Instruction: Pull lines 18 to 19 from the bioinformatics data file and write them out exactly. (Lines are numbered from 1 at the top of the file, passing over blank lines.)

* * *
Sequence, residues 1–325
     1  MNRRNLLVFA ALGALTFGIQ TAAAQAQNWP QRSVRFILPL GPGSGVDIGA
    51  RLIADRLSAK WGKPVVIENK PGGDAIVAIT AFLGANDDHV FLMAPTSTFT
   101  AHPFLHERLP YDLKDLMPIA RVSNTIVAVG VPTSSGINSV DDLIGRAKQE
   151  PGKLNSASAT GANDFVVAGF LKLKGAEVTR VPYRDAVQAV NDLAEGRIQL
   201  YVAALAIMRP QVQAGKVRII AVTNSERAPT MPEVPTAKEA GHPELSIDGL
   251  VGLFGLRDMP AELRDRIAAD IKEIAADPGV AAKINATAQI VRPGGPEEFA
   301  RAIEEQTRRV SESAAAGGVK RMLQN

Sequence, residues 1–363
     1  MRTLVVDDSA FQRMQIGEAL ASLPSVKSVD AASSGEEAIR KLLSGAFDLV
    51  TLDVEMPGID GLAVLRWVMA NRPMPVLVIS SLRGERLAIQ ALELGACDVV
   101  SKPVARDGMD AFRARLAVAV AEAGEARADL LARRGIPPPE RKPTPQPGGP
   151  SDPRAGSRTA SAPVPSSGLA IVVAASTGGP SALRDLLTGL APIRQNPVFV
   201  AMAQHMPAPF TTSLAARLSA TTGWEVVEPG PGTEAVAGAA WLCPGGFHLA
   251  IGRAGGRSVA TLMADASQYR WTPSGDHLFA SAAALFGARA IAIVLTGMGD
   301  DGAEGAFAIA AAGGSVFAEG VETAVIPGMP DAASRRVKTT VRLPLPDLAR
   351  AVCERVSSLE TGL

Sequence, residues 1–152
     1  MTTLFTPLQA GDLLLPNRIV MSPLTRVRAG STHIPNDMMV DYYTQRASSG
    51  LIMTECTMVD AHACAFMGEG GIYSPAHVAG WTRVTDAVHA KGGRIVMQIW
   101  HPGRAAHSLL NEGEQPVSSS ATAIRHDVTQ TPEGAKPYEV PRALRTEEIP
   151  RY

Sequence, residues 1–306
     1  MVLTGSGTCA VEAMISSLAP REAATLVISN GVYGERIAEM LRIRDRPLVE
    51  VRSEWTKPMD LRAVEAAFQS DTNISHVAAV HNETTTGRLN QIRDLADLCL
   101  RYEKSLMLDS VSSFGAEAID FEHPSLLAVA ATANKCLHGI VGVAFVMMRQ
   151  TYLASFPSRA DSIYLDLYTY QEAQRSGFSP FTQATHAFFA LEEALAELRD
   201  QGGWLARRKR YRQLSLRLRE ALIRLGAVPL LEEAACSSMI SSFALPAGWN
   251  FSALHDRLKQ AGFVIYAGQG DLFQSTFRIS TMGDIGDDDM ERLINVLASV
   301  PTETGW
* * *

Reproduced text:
Sequence, residues 1–152
     1  MTTLFTPLQA GDLLLPNRIV MSPLTRVRAG STHIPNDMMV DYYTQRASSG